Easier coordination by less influence

Theoretical physicists from the Max Planck Institute for Dynamics and Self-Organization study the optimal synchronization of complex systems

July 29, 2015

Whether it is people, fireflies or power plants: synchronization is a vital aspect of many social, biological and technical systems. Reaching a compromise requires 'synchronizing' different opinions. Similarly, fireflies coordinate their blinking and generators in the power grid need to be synchronous for stable operation. However, achieving synchronization of the individual units in complex networked systems can be difficult. In order to solve this problem theoretical physicists from the Göttingen Max Planck Institute for Dynamics and Self-Organization in collaboration with Indian scientists invented and tested a new method. Instead of permanently coupling the individual units the new method occasionally switches interactions off. For many systems this implies larger synchronizability.

Synchronization requires interactions

Coordinating different units, i.e., individual people, fireflies or power generators, obviously requires interactions. Synchrony, the coordinated operation of several units in a system, should be easier to achieve with more interactions. While this seems intuitive, in several chaotic systems stronger coupling can destabilize the synchronous state. Since in many experimental and technical systems the interaction strength cannot be arbitrarily modified the question arises how to synchronize such systems.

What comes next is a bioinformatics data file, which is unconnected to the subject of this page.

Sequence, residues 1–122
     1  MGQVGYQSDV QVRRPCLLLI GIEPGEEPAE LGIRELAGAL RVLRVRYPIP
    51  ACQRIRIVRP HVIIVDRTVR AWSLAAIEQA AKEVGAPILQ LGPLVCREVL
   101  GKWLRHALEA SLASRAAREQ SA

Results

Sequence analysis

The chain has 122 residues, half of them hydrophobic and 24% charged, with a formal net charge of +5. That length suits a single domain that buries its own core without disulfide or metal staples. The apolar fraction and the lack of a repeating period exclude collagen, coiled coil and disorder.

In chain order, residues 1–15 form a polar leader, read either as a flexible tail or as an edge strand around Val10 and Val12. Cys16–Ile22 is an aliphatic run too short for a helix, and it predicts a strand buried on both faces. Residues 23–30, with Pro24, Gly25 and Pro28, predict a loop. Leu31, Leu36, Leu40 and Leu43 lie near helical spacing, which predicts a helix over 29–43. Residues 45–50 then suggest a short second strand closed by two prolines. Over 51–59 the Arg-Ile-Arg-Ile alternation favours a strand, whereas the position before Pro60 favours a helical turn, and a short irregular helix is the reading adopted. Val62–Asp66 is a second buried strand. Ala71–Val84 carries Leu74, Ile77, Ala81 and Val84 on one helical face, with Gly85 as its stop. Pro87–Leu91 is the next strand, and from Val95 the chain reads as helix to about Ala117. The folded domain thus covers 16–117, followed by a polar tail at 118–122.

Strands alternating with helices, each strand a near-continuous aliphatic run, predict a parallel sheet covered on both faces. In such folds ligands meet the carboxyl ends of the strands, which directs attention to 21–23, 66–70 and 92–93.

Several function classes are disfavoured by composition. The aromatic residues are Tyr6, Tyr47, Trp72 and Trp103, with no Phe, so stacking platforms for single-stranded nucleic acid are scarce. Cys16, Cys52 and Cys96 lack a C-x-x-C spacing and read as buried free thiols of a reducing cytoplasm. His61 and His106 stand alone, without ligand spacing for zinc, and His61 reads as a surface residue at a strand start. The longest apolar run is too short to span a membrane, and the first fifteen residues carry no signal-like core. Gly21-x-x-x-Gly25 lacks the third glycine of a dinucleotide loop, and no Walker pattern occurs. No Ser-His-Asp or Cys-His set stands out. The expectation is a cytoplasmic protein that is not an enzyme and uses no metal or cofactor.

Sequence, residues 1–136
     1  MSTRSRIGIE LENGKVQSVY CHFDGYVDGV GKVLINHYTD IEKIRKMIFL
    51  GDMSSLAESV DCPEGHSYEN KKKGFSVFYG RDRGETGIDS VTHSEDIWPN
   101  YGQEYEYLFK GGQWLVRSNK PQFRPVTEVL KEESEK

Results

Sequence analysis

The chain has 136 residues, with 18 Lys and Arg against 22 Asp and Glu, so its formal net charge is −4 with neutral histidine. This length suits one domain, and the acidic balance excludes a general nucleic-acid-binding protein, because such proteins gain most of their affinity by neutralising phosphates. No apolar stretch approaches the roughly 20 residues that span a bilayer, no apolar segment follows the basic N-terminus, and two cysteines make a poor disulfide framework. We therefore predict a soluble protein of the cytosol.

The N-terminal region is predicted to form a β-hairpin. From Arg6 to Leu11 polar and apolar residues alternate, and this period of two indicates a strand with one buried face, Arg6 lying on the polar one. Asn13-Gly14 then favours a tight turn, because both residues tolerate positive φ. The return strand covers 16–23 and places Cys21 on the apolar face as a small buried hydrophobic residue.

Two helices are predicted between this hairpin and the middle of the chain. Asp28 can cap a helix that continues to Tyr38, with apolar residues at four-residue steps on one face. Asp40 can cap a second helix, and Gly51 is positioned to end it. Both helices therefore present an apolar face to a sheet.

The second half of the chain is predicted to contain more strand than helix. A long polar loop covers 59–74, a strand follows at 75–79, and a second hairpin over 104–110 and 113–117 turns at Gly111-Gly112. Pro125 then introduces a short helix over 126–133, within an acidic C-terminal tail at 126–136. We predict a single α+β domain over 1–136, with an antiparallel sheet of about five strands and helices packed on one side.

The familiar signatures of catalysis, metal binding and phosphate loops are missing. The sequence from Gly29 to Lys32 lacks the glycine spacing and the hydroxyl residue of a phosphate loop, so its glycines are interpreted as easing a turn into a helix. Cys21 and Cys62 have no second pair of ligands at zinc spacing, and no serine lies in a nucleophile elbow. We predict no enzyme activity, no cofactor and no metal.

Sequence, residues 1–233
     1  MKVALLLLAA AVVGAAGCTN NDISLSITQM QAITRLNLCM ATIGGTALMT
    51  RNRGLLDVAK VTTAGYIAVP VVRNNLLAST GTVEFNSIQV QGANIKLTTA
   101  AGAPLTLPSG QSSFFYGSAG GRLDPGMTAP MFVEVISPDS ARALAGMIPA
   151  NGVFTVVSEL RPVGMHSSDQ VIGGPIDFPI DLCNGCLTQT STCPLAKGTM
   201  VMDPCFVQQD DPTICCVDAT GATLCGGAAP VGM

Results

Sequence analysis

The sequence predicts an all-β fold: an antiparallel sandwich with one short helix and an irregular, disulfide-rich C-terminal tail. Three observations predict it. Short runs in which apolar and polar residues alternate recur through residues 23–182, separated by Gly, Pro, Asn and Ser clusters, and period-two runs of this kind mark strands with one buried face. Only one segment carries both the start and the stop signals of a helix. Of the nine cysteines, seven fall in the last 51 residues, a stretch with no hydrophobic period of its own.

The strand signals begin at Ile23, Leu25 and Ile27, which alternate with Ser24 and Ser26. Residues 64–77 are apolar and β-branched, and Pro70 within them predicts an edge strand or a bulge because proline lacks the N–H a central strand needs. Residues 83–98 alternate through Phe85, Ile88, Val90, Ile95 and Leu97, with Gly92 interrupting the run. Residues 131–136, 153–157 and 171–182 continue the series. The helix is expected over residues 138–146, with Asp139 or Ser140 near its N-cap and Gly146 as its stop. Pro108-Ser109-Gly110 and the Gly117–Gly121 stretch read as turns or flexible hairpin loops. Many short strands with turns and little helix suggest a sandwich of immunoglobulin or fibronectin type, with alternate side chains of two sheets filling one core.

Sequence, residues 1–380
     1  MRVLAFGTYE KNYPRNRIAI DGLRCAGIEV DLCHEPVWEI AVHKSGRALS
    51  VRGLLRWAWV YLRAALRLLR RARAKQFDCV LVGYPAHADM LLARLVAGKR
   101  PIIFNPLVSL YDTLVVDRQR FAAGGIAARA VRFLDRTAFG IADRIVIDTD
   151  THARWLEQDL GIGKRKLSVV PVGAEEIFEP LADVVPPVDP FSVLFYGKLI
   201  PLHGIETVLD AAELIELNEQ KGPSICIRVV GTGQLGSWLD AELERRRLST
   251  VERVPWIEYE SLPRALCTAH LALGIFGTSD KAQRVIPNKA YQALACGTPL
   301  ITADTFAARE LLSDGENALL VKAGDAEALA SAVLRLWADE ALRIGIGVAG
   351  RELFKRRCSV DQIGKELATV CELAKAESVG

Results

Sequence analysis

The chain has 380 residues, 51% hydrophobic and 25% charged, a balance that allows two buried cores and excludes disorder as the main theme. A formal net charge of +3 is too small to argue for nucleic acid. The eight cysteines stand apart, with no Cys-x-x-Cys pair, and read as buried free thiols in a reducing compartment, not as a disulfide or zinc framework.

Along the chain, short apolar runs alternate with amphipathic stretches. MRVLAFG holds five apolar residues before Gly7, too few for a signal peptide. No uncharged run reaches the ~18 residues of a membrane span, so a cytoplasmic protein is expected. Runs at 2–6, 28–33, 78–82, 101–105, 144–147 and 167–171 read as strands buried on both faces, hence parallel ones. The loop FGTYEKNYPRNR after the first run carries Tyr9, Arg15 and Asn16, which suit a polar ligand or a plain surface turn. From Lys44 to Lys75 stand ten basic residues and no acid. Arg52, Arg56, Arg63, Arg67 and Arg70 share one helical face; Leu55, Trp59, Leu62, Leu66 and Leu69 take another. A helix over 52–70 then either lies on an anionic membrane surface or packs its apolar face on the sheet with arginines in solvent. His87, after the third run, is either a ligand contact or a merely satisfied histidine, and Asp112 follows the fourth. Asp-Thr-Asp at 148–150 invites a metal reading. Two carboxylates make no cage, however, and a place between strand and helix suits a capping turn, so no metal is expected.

Less interaction yields better sychronizability

Mostly, the overall influence of interactions depends on the current state of the system. This led the researchers to restrict the coupling. “Instead of permanently coupling the individual units we allow interaction only occasionally”, explains Professor Dr. Marc Timme, Head of the Research Group Network Dynamics. “In a similar rough analogy, fireflies would not adjust their blinking rhythm continuously but only when observing the blinking of another firefly.”

To describe the effects of this 'uncoupling' in detail the researchers studied the new method in numerical simulations. “ Our results show that the new method makes synchronization more stable and therefore more often possible”, Malte Schröder, PhD student of Marc Timme, points out. In particular, the new method allows synchronization for arbitrarily large interaction strengths, even though this is often not possible for standard coupling. With these results it is feasible to achieve more stable synchrony in certain systems. Potential applications could include self-organized communication networks, wireless sensor networks or possibly even synthetic biological systems such as coupled heart cells.

The work is published in “Physical Review Letters”.
Link to the article: Physical Review Letters 115 (2015) 054101

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